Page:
Team Yukon reports positive experience at Scotties

Team Yukon played their final game at the national championship in Calgary on Thursday afternoon

A sign indicating a drop-off area behind Selkirk Elementary school in Whitehorse on Feb. 25. (Haley Ritchie/Yukon News)
Parking lot proposal for Selkirk Elementary criticized

Parents and school council are raising concerns about green space and traffic woes


Wyatt’s World for Feb. 26, 2021

Ken Anderson’s Sun and Moon model sculpture sits in the snow as he carves away at the real life sculpture behind Kwanlin Dün Cultural Centre for the Yukon Sourdough Rendezvous festival in Whitehorse on Feb. 21, 2018. Yukon Rendezvous weekend kicks off today with a series of outdoor, virtual and staged events. (Crystal Schick/Yukon News file)
Rendezvous snowpad, live music and fireworks this weekend

A round-up of events taking place for the 2021 Rendezvous weekend

Yukon Energy in Whitehorse on Aug. 4, 2020. The proposed Atlin Hydro Expansion project is moving closer to development with a number of milestones reached by the Tlingit Homeland Energy Limited Partnership and Yukon Energy over the last several months. (Crystal Schick/Yukon News file)
Atlin hydro project progresses

Officials reflect on milestones reached

Tom Ullyett, pictured, is the first Yukoner to receive the Louis St-Laurent Award of Excellence from the Canadian Bar Association for his work as a community builder and mentor in the territory. (Gabrielle Plonka/Yukon News)
Tom Ullyett wins lifetime achievement award from the Canadian Bar Association

Ullyett has worked in the Yukon’s justice ecosystem for 36 years as a public sector lawyer and mentor

The Blood Ties outreach van will now run seven nights a week, thanks to a boost in government funding. Logan Godin, coordinator, and Jesse Whelen, harm reduction counsellor, are seen here on May 12, 2020. (Crystal Schick/Yukon News file)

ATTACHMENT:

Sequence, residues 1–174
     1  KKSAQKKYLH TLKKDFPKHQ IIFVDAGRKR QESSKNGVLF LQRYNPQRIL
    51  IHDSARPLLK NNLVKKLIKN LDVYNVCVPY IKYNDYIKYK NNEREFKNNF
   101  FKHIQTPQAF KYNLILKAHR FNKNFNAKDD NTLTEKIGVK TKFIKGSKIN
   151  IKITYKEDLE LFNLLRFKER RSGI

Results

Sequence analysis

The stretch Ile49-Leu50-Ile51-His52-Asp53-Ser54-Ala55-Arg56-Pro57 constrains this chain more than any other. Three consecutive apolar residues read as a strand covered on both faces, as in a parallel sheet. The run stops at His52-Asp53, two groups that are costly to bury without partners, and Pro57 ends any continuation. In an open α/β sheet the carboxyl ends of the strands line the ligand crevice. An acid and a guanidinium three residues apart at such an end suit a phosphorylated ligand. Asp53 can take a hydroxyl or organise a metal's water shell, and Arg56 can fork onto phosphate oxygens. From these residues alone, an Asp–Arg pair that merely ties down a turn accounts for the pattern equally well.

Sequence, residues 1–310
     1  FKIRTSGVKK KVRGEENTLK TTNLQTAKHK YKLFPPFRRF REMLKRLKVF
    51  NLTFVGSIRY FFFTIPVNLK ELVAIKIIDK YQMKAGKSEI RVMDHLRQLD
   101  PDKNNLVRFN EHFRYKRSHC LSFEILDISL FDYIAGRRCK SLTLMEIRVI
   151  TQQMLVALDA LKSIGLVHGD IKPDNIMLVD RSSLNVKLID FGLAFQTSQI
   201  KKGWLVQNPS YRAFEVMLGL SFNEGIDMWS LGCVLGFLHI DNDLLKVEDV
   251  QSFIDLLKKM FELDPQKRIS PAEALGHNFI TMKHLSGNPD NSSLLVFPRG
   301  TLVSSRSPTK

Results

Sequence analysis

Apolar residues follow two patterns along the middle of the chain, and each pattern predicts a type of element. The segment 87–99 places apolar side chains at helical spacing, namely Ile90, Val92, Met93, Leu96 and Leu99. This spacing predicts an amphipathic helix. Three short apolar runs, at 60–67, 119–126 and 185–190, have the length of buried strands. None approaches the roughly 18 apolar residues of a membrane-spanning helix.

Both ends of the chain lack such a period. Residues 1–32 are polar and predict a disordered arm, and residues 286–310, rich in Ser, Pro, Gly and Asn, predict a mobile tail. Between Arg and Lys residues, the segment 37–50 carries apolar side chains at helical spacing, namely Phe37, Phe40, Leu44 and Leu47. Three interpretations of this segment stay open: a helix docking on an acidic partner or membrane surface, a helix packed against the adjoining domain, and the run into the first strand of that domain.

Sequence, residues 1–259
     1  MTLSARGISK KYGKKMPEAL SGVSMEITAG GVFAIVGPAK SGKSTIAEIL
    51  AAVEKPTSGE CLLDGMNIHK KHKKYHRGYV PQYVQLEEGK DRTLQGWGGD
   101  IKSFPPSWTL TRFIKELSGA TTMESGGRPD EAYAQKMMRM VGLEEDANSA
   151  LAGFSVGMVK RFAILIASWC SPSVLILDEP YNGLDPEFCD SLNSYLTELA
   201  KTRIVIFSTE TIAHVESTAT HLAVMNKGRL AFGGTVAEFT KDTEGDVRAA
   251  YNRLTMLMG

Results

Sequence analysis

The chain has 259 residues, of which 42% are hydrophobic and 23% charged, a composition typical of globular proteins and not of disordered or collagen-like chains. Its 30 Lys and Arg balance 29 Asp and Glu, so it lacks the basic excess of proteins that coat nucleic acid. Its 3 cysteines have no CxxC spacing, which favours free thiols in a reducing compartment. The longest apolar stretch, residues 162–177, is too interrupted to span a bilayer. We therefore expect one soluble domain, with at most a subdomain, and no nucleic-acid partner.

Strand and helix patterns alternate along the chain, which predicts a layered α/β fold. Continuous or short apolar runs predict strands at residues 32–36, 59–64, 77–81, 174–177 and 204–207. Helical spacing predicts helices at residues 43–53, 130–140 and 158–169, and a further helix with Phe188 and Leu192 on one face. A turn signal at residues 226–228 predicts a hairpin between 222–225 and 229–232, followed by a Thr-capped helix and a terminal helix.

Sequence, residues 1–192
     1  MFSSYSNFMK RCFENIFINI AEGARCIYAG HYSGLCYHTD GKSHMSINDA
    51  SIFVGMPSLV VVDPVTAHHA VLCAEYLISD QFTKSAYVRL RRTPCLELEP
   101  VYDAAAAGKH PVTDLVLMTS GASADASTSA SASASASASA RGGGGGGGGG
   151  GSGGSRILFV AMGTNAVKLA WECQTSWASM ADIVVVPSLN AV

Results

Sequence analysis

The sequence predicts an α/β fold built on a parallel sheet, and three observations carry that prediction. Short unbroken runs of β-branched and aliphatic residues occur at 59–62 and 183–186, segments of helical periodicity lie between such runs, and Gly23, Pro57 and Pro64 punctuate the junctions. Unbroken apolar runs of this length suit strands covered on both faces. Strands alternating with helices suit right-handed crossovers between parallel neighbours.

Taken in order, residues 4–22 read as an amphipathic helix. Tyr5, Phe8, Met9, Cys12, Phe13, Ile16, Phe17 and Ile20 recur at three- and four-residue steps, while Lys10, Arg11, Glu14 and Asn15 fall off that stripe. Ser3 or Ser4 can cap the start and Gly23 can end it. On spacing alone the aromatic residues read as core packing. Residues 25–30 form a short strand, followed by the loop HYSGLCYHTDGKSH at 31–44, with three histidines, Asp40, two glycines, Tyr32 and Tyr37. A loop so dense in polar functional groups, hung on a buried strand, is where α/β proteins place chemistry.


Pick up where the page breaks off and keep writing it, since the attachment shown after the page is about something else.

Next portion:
Blood Ties outreach van running seven nights a week with funding boost

The Yukon government is ramping up overdose response, considering safe supply plan

Ranj Pillai speaks to media about business relief programs in Whitehorse on April 1, 2020. The Yukon government announced Feb.25 that it will extend business support programs until September. (Crystal Schick/Yukon News)
Government extends business relief programs to September, launches new loan

“It really gives folks some help with supporting their business with cash flow.”

Whitehorse City Hall. (Joel Krahn/Yukon News file)
A look at decisions made by Whitehorse City Council this week

Bylaw amendment Whitehorse city council is moving closer with changes to a… Continue reading

Susie Rogan is a veteran musher with 14 years of racing experience and Yukon Journey organizer. (Yukon Journey Facebook)
Yukon Journey mushers begin 255-mile race

Eleven mushers are participating in the race from Pelly Crossing to Whitehorse

Legislative assembly on the last day of the fall sitting in Whitehorse on Nov. 22, 2018. As the legislature prepares to return on March 4, the three parties are continuing to finalize candidates in the territory’s 19 ridings. (Crystal Schick/Yukon News file)
Nine new candidates confirmed in Yukon ridings

It has been a busy two weeks as the parties try to firm up candidates

David Malcolm, 40, has been charged with assaulting and attempting to disarm a police officer after an incident in Whitehorse on Feb. 18. (Phil McLachlan/Capital News)
Man resists arrest, assaults officer

A Whitehorse man has been charged with assaulting and attempting to disarm… Continue reading

Yukon Energy in Whitehorse on Aug. 4, 2020. A site on Robert Service Way near the Alaska Highway has been selected as the future home of Yukon Energy’s energy storage project. (Crystal Schick/Yukon News file)
Site selected for Yukon Energy battery project

Planned to be in service by the end of 2022

Most Read